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- Manhattan Institute: Former Member, Board of Trustees
- Project for the New American Century: Former Director
- Gerson Lehrman Group: Executive Chairman
- Thuzio: Cochair
- Axial Markets: Chairman
- Chockstone, Inc.: Member, Board of Directors
- LuxResearch: Board Member/Adviser
- IMentor: Board Member
- Williams College: BA
- Yale Law School: JD
Mark Gerson is an investor and businessman with close ties to neoconservatism. He is the cofounder and chairman of the Gerson Lehrman Group (GLG), a "knowledge brokerage" consulting firm once described as the "most valuable NYC company no one outside of Wall Street has ever heard of." His other ventures include the professional athlete booking agency Thuzio, the Israeli first-responder network United Hatzalah, and the entrepreneurial network Axial Markets.
Gerson has supported a number of rightist political projects. He was a director of the now defunct Project for the New American Century, served as a board member of the Manhattan Institute, and has been a contributor to neoconservative outlets like Commentary and the Weekly Standard. He is perhaps best known as the author of the 1996 book The Neoconservative Vision, an oft-cited sycophantic work about the roots and trajectory of the neoconservative political faction.
A familiar theme in Gerson's work is the purported transformation of American conservatism due to the influence of early neoconservative thinkers like Irving Kristoland Norman Podhoretz. "Neoconservatism is now coming to an end, as it becomes clear that only one generation of thinkers identifies itself as such," he wrote in The Neoconservative Vision. "This is perhaps the truest testament to the success of neoconservatism in the following sense: what was once considered exclusively neoconservatism is now conservatism."
In a review of another Gerson book, John McManus wrote in the New American: "Neoconservatives even proudly admit their takeover of the word 'conservative.' In his 1996 book entitled The Essential Neoconservative Reader, editor Mark Gerson jubilantly observed: 'The neoconservatives have so changed conservatism that what we now identify as conservatism is largely what was once neoconservatism. And in so doing, they have defined the way that vast numbers of Americans view their economy, their polity, and their society.'"
Gerson is well connected in elite neoconservative and business circles. According to a 2003 profile in the New York Observer, "It's Mr. Gerson's place in Manhattan's burgeoning neoconservative social, political, and intellectual scene that has gotten him where he is today. He is the Friendster of the neoconservative establishment. … His congenial brilliance, amiable nature, and unsolicited offers of help to others have placed him at the center of the intellectual-political-financial complex that spans from Wall Street to 1600 Pennsylvania Avenue."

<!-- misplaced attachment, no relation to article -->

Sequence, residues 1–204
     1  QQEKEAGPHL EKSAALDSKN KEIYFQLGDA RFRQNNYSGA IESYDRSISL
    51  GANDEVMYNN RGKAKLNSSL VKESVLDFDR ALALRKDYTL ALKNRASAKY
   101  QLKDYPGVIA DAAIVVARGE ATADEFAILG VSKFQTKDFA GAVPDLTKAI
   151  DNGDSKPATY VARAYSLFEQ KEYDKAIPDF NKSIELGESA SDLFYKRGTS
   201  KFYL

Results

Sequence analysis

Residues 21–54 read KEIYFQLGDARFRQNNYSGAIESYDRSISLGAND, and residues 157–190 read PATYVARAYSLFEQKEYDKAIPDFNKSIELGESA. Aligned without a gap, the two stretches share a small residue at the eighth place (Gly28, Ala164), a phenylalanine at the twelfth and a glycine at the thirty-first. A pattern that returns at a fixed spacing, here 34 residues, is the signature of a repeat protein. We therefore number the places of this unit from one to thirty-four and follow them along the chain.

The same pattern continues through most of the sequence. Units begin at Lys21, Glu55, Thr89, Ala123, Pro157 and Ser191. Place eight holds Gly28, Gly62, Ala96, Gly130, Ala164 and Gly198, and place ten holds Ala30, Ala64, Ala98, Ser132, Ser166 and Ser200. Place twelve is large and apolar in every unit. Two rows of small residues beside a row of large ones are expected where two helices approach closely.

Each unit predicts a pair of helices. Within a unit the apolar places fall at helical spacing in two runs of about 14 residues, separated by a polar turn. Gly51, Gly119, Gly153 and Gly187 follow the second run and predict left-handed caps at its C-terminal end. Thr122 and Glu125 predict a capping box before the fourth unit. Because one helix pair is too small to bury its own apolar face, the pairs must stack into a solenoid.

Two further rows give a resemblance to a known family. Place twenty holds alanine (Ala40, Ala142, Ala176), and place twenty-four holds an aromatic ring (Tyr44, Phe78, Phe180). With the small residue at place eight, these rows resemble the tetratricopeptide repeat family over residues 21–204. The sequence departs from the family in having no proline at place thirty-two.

Gerson also has ties to Democrats. He was a major fundraiser for Democrat Cory Booker's campaign for mayor of Newark, and subsequently donated thousands of dollars to a super PAC backing his 2013 Senate bid in New Jersey. Booker is a cofounder of the Yale Chai Society, of which Gerson was a board member.
Gerson teamed up with Thomas Lehrman in 1998 to form the Gerson Lehrman Group (GLG). Describing the firm, Gerson once said in an interview: "When we started the business, we made a rule to make a new friend every day. The more people we could meet, the more we would learn. It would help the business, and it would help us."
GLG soon developed into a massive network of experts available for the inquiries of investors. According to a 2005 New York Times article, "Gerson is the industry leader in connecting investors with specialists in fields ranging from Turkish cement to underwire brassieres. Gerson's 150,000 specialists include 60,000 physicians." But Gerson's business of setting up physicians with investors has raised legal questions regarding insider trading, leading to federal investigations but no formal allegations of wrongdoing.
Gerson has written a number of opinion pieces for conservative outlets. In a 2007 piece for the Wall Street Journal, Gerson and Israeli ambassador Michael Oren praised George W. Bush and compared him favorably with the prophet Jonah for his decision to invade Iraq. According to Gerson and Oren, the biblical Jonah demonstrated that prophets "will be reproved for the actions they take to forestall catastrophe, but may receive no credit for averting cataclysms that never occur. … While there is no way of knowing whether terrorists would have struck America if President Bush had refrained from invading Iraq, many Americans now denounce the president for initiating an avoidable, unwinnable war. This is the tragedy of leadership. Policy makers must decide between costly actions and inaction, the price of which, though potentially higher, will ultimately remain unknown—a truly Jonah-like dilemma." The authors concluded by noting that Bush must face this same dilemma with regard to Iran's nuclear program.